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Mallettee v. United States

Circuit Court of Appeals, Eighth Circuit
Jul 21, 1943
137 F.2d 95 (8th Cir. 1943)


No. 12512.

July 21, 1943.

Appeal from the District Court of the United States for the Western District of Missouri; Merrill E. Otis, Judge.

Condemnation proceeding by the United States of America against Dr. C. Mallette and Monta Mallette. From an adverse judgment, defendants appeal.

Judgment reversed and case remanded with directions.

Jean Paul Bradshaw, of Lebanon, Mo. (Claude T. Wood, of Richland, Mo., and Bradshaw Fields and Robert C. Fields, all of Lebanon, Mo., on the brief), for appellants.

Dwight D. Doty, Atty., Department of Justice, of Washington, D.C. (Norman M. Littell, Asst. Atty. Gen., and Vernon L. Wilkinson, Atty., Department of Justice, of Washington, D.C., on the brief), for appellee.

Before SANBORN, WOODROUGH, and RIDDICK, Circuit Judges.

The main question for decision is whether the appellants, owners of land in Pulaski County, Missouri, taken by the Government in condemnation proceedings for Fort Leonard Wood, a military reservation, are entitled to have a jury determine the issue of the value of their land. They have appealed from a judgment confirming the award of commissioners. The appellants had excepted to the award and applied for a jury trial. The Government apparently resisted their application in the District Court, and it was denied. Both parties now assert that the application for a jury trial should have been granted, and that its denial was error. It was error if, under Missouri law, a jury trial would have been available in a similar proceeding brought in the state courts of Missouri. This, because the acts of Congress under which this proceeding was brought require substantial conformity with state practice.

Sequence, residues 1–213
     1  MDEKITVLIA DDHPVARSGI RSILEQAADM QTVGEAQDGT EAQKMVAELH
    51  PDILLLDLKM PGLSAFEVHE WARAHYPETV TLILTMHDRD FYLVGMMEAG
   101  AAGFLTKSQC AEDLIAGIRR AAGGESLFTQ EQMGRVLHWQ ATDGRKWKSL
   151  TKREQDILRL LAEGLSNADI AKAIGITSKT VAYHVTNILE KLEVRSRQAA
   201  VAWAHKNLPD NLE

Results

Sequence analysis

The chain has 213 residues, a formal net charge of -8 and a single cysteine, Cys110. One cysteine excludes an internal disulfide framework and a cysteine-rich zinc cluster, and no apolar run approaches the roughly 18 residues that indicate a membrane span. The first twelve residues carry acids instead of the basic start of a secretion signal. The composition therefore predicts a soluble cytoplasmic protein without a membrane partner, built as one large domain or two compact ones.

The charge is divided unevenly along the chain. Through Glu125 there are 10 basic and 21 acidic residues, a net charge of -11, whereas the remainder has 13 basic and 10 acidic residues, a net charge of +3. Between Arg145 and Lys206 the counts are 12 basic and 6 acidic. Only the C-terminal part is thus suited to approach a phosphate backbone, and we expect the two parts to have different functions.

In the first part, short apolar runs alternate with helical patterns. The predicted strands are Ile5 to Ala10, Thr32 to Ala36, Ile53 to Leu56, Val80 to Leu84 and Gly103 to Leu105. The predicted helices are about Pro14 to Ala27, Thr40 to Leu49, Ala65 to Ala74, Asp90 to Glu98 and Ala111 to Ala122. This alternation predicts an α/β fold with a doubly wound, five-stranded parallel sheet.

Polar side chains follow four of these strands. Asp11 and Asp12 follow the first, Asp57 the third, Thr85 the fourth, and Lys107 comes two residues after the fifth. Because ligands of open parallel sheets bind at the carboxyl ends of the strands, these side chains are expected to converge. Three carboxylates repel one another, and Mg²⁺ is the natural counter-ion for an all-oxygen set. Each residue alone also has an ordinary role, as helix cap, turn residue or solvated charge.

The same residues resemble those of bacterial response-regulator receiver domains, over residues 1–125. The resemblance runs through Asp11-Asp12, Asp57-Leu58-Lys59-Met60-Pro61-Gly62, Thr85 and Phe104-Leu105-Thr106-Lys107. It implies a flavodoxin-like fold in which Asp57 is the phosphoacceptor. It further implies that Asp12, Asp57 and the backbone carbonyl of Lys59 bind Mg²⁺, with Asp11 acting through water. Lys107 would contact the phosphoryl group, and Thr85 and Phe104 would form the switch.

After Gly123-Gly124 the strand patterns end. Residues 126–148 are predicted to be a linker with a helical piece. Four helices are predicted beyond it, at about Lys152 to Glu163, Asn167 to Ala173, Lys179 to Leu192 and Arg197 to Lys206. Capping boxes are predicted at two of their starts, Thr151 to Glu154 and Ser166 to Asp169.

The proceedings were instituted under the General Condemnation Act of August 1, 1888, c. 728, 25 Stat. 357, 40 U.S.C.A. §§ 257, 258; the Military Purposes Condemnation Act of July 2, 1917, 40 Stat. 241, 50 U.S.C.A. § 171; and the Declaration of Taking Act of February 26, 1931, 46 Stat. 1421, 40 U.S.C.A. § 258a.

Sec. 2 of the Act of August 1, 1888 (General Condemnation Act), c. 728, 25 Stat. 357, 40 U.S.C.A. § 258, provides: "The practice, pleadings, forms and modes of proceedings in causes arising under the provisions of this act shall conform, as near as may be, to the practice, pleadings, forms and proceedings existing at the time in like causes in the courts of record of the State within which such district court is held, any rule of the court to the contrary notwithstanding."
The Act of July 2, 1917 (Military Purposes Condemnation Act), 40 Stat. 241, 50 U.S.C.A. § 171, provides that the condemnation proceedings thereunder be "prosecuted in accordance with the laws relating to suits for the condemnation of property of the States wherein the proceedings may be instituted * * *."